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  1. #1
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    Fox Annual Service suggestions...

    So.. I bought a 12' Stumpjumper FSR in May. I put close to 1,200 miles on it from May through October. Due to weather, our riding season is basically over. On the Fox Website, they suggest a yearly service from them. I am wondering if that is a sort of revenue stream they have going, or if it is necessary to do each year?

    I definitely do not want to have an issue with either my Fork or Rear shock during the riding season next year as I am reading Fox is quite slow on their turnaround.

    I've read through the DYI's posted in the Suspension forum and watched Video's on rebuilding yourself, and I have zero desire to attempt this on my own.

    So, basically... Is two years and 2,500 miles too much to expect from a Fork and Rear shock un-serviced, or should I send them in while my bike is just sitting in the basement collecting dust over the cold winter months.

    Thanks for your suggestions.

  2. #2
    moaaar shimz
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    Yes, 2 years/2500 miles is too much, especially the fork...

    Try to service it yourself.

  3. #3
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    TRD: depends on your use and environment and other variables. YMMV, of course. I've had experiences of 4-5 years of use no problems, and dead on arrival on brand new forks. So YMMV, of course. I like the proactive approach but in reality, dont fix it unless its broken. The first instance where you notice a difference in shock/fork suspension performance is the time to put a service on the to do list. I'd rather deal with suspension company directly or the LBS if the LBS has proven specific experience with rebuilds on your fork.
    #willofthesun and author of the most viewed MTBR thread: Platform Pedal Shootout

  4. #4
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    Quote Originally Posted by toyotatacomaTRD View Post
    So.. I bought a 12' Stumpjumper FSR in May. I put close to 1,200 miles on it from May through October. Due to weather, our riding season is basically over. On the Fox Website, they suggest a yearly service from them. I am wondering if that is a sort of revenue stream they have going, or if it is necessary to do each year?

    I definitely do not want to have an issue with either my Fork or Rear shock during the riding season next year as I am reading Fox is quite slow on their turnaround.

    I've read through the DYI's posted in the Suspension forum and watched Video's on rebuilding yourself, and I have zero desire to attempt this on my own.

    So, basically... Is two years and 2,500 miles too much to expect from a Fork and Rear shock un-serviced, or should I send them in while my bike is just sitting in the basement collecting dust over the cold winter months.

    Thanks for your suggestions.
    Have you ever even looked at the Fox service schedule? It's right there in your user manual or on the Fox website.

    Yes, you absolutely need to service them, and it's a lot more often than "annually". In fact, Fox doesn't even go by calendar but by riding hours. The fork should have it's oil changed every and the shock its air sleeve serviced every 30 riding hours, with the bigger services coming at every 100 hours of riding. It's all right here:
    Bike Suspension Service | FOX

    Since you've neglected both of them, it wouldn't surprise me if they're already damaged and will need repair.

    But let me guess, you never change the oil in your car because it's just the manufacturer trying to rip you off?

  5. #5
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    Quote Originally Posted by illnacord View Post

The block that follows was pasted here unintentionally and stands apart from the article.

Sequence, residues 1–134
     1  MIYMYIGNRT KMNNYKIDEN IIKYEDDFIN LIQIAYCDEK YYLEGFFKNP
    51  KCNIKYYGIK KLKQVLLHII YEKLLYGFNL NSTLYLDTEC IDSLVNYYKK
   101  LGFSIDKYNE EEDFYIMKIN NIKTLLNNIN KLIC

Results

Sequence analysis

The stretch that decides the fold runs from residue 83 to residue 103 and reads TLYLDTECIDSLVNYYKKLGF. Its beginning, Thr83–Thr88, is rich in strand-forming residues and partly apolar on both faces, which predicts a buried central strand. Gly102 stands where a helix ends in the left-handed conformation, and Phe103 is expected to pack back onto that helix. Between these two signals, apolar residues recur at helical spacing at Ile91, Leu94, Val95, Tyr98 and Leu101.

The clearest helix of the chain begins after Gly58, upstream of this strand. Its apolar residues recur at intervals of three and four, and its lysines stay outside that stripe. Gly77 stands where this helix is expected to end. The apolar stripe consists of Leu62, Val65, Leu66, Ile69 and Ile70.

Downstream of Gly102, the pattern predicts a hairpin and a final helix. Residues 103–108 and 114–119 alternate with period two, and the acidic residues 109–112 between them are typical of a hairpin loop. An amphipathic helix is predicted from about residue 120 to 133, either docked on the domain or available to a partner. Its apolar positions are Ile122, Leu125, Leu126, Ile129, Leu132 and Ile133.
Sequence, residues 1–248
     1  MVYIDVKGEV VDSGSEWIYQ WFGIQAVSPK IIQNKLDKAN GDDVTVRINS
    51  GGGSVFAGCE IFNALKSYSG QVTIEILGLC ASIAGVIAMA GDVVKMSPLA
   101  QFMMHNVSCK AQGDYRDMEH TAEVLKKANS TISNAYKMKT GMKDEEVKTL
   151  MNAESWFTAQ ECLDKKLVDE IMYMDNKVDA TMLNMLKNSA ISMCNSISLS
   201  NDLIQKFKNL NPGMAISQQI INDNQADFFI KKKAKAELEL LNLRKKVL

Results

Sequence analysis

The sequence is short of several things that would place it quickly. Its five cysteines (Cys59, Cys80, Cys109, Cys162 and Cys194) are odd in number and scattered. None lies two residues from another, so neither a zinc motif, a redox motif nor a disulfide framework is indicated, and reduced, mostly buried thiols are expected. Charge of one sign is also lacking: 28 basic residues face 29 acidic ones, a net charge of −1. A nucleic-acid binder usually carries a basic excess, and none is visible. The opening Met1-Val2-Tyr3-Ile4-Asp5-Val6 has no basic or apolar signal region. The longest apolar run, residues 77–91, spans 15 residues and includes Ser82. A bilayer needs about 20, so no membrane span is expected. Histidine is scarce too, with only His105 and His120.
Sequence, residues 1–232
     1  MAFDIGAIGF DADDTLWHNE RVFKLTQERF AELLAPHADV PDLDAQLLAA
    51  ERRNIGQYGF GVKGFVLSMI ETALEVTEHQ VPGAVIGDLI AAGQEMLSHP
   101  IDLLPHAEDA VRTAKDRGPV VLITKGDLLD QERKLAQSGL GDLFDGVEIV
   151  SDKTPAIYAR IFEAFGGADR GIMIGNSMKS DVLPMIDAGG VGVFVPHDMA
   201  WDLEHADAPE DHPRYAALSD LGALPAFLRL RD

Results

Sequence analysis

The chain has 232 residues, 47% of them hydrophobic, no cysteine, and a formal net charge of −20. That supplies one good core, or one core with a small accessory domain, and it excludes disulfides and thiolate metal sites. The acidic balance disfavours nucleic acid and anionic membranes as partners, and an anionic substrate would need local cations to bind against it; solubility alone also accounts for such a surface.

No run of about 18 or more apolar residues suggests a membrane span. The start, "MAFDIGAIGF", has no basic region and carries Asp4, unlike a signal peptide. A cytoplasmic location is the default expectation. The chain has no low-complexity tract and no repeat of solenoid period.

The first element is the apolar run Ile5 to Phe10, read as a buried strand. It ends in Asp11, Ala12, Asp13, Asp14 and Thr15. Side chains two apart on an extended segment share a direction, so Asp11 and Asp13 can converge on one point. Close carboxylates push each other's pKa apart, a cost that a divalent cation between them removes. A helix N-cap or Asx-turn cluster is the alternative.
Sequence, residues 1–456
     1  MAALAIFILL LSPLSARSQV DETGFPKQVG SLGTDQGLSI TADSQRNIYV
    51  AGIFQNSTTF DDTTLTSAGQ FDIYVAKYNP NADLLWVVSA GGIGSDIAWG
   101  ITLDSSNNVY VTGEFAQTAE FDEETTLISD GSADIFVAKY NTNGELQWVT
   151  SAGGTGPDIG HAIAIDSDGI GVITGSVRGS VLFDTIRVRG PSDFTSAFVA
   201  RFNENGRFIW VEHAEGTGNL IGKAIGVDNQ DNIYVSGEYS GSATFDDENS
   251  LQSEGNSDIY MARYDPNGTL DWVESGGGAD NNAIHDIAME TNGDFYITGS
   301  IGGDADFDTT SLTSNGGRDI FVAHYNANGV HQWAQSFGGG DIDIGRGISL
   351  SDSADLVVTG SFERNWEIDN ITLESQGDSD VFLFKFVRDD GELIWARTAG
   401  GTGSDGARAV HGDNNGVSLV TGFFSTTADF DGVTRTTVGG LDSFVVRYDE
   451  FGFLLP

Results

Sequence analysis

The first instance where you notice a difference in shock/fork suspension performance is the time to put a service on the to do list.
    The first instance you notice a difference it's already too late to do preventive maintenance. Really, what is so hard about following the maintenance schedule?

  6. #6
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    My buddy bought a used 3 year old mountain bike so I listed some maintenance to be performed. When he got to the rear shock he shook his head. He told me it feels fine. We discussed suggested maintenance intervals and it boiled down to the fact that the cost is the same to perform an oil change or rebuild a shock. I couldn't really dispute that fact other than saying a worn shock could have decreased performance or fail during a ride.

  7. #7
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    Quote Originally Posted by bad mechanic View Post
    Have you ever even looked at the Fox service schedule? It's right there in your user manual or on the Fox website.

    Yes, you absolutely need to service them, and it's a lot more often than "annually". In fact, Fox doesn't even go by calendar but by riding hours. The fork should have it's oil changed every and the shock its air sleeve serviced every 30 riding hours, with the bigger services coming at every 100 hours of riding. It's all right here:
    Bike Suspension Service | FOX

    Since you've neglected both of them, it wouldn't surprise me if they're already damaged and will need repair.

    But let me guess, you never change the oil in your car because it's just the manufacturer trying to rip you off?
    Lets be honest, every 30 hours is excessive. I am not a bike mechanic and I would be willing to bet there are more people that don't do their own service than do. If I were to follow their "plan", I would be sending my fork in for service every 20 days during the summer. Not happening.

    I confirmed with my LBS that the every 30 hour schedule is excessive (that is just their and my opinion). The two good shops in my area do not even offer this service on my fork.

    I can tell you probably do your own service. That is great for you. I do not plan on attempting it myself. If I do damage by not opening up my fork once a month to replace seals and fork oil, I'll chalk it up to the cost of riding. No big deal. I am just trying to see what kind of life people are getting out of their forks without rebuilding each riding season.

  8. #8
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    By not maintaining correctly you're looking at destroying many hundreds of dollars of suspension equipment. In the end it's cheaper to maintain than replace, not to mention less wasteful.

    Doing the basic oil change is extremely easy to do at home, and once you've done it a few times it can easily be done under 20 minutes. You don't need to replace seals on the 30 hour service, just oil, so it only costs a couple dollars in supplies.